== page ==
The Simpsons voice actor Hank Azaria has recently revealed that he feels the need to apologise to every Indian in North America, over his depiction of Apu — the beloved Indian-American character on Fox’s long-running TV show.

Source: The Simpsons Season 5 Episode 13 “Home and Apu” (1994), 20th Television

This whole controversy began back in 2017, when Apu was deemed to be offensive by comedian Hari Kondabolou in his documentary titled “The Problem With Apu.”

Kondabolou’s problem with the character was that “Everything with Apu is like this running joke. And the running joke is that he’s Indian,” while failing to understand that The Simpsons’ main shtick is making fun of stereotypes.

Source: The Problem With Apu(2017), truTV

During a recent interview on the Armchair Expert podcast, at the 1 hour and 15 seconds mark, Azaria talked about voicing Apu and the lessons that his experience following the release of The Problem With Apu has taught him.

“I was speaking at my son’s school. I was talking to the Indian students there because I wanted to get their input,” Azaria told Armchair Expert hosts Dax Shepard and Monica Padman.

Source: GQ, YouTube

“A 17-year-old, maybe a year ago… he’s never even seen The Simpsons but knows what Apu means. It’s practically a slur at this point. All he knows is that is how his people are thought of and represented… to many people in this country,” the actor said.

Azaria then continued, “With tears in his eyes he said to me, and it was so sweet the way he put it, would you please tell the writers in Hollywood that what they do, and what they come up with really matters in people’s lives?”

Source: The Simpsons Movie(2007), 20th Century Fox

Here’s where Azaria simply decides to bend the knee and apologise for playing Apu all of these years, even when most fans of the show actually love the character.

“I said to him, and I’m going to say to you right now, I really do apologise,” Azaria said. “I apologise for my part in creating that. In participating in that. You know, part of me feels like I need to go to every single Indian person in this country and personally apologise.”

Azaria then proceeds to explain himself even further, adding that he was initially inspired by “Peter Sellers’ performance in a movie called The Party…Peter Sellers in brown face and doing this really silly character.”

Source: Custom, The Party(1968), Doctor Strangelove(1964)

“Now here’s a great example of white privilege relative advantage,” the actor continues, “to me as a 15-year-old, when I saw that movie, there’s no difference between how funny Peter Sellers is as a French guy as Closeau, or as a German guy in Doctor Strangelove, or as Hrundi V. Bakshi in The Party — it’s just funny.”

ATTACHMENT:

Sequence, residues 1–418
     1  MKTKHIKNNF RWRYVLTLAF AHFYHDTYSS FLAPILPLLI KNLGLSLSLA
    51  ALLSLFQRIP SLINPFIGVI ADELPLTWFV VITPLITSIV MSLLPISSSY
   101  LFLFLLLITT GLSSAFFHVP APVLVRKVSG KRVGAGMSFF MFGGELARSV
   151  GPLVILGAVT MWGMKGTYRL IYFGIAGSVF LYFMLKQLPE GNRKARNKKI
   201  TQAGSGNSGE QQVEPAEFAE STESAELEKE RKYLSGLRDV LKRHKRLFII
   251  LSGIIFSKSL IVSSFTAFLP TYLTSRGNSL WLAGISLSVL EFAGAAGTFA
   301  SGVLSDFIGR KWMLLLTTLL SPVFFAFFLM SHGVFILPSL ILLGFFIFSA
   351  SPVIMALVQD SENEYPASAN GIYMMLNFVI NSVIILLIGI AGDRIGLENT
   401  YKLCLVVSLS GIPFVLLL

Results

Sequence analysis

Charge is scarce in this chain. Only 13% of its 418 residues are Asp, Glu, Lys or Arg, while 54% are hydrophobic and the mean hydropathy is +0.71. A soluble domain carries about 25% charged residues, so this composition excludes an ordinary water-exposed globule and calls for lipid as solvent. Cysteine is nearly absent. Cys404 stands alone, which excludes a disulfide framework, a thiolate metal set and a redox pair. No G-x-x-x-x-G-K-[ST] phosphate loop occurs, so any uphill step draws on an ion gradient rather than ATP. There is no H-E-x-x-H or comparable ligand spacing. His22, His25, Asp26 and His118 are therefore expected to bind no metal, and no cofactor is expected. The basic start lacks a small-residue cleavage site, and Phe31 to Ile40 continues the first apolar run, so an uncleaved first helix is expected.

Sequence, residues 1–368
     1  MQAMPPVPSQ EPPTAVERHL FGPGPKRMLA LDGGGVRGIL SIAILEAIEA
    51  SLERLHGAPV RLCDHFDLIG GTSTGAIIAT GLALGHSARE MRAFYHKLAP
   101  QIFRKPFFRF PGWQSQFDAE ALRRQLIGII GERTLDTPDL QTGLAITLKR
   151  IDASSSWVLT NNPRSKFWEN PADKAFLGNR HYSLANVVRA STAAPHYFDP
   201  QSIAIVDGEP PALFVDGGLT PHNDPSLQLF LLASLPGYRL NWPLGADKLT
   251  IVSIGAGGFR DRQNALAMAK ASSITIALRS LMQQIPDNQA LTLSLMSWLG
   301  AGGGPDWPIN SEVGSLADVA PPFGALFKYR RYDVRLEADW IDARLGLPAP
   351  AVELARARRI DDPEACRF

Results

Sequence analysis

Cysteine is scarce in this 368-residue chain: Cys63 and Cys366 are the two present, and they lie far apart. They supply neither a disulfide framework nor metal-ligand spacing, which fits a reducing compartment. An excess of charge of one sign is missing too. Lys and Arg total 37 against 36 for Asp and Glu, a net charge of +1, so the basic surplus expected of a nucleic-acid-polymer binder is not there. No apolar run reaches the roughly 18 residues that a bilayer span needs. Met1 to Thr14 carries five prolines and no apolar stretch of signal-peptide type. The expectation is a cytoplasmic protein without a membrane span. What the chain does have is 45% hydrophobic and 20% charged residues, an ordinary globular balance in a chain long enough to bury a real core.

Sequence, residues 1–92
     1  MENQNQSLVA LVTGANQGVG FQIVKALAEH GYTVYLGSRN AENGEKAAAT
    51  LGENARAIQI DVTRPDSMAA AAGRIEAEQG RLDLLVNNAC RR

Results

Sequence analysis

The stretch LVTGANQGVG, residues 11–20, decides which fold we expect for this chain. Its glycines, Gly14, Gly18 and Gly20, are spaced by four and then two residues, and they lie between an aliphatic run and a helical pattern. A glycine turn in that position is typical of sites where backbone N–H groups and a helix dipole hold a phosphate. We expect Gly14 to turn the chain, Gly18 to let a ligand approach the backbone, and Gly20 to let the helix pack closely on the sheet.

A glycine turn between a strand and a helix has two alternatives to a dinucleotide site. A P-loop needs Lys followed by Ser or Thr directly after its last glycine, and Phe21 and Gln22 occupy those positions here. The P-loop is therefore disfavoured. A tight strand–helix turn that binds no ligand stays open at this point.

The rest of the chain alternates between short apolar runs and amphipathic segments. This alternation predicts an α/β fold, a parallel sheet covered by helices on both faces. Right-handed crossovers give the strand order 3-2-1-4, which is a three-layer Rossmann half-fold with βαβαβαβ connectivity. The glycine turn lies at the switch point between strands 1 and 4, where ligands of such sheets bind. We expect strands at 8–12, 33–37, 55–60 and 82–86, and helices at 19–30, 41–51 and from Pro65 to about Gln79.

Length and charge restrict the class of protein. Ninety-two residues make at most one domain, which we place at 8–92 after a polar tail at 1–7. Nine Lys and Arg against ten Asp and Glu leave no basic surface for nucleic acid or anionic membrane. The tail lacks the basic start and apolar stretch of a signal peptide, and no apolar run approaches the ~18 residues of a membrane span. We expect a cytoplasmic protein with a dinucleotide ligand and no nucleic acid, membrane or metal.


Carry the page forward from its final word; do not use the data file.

“So I’m like ‘great.’ I’m a mimic, I’m an aspiring voice guy, so I can do the accent, I can do Strangelove, and I can do Clouseu, so there’s no difference to me, It’s all good,” added Azaria. “So I’m happily homaging this joyous character of Apu, because it’s a joyful performance by Sellers,” continued Azaria, while also adding that Sellers’ performance was “very marginalising and racist.”

Source: The Simpsons Season 5 – Episode 13, 20th Century Fox

What’s interesting is that Azaria himself believed that Sellers’ performance in The Party was racist and marginalising, but he’s now just realised how offensive it was. You know, after he was singled out as the man who made Apu from The Simpsons offensive.

Azaria now wants to apologise to every Indian in the country, because someone made a documentary about how offensive a character he’s played for almost 30 years is. 

In February of last year, Azaria told The New York Times that he would no longer be playing Apu on The Simpsons, and we all know that this wouldn’t be the case had it not been for Kondabolou.

Source: The Late Show with Stephen Colbert, YouTube

It isn’t like it matters any more, since The Simpsons will no longer allow that white voice actors play non-white roles, because a vocal minority deems it offensive, further proving that not even Fox nor Disney understand that the characters on the show are supposed to make fun of stereotypes.

Do you believe that Hank Azaria should apologise to every Indian in North America? Is he virtue signalling only because a documentary, made by an unfunny comedian, aimed to hold him accountable for his interpretation of Apu? Sound off your thoughts in the comments section down below or on social media.

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    Josh is a writer that enjoys writing about pretty much anything, especially content that may trigger a certain demographic, that is still figuring out how to write a proper bio. Don't ask me about enduro bikes, snowboarding, Mega Man, or Nintendo; you'll be bored before you finally get me to shut up.

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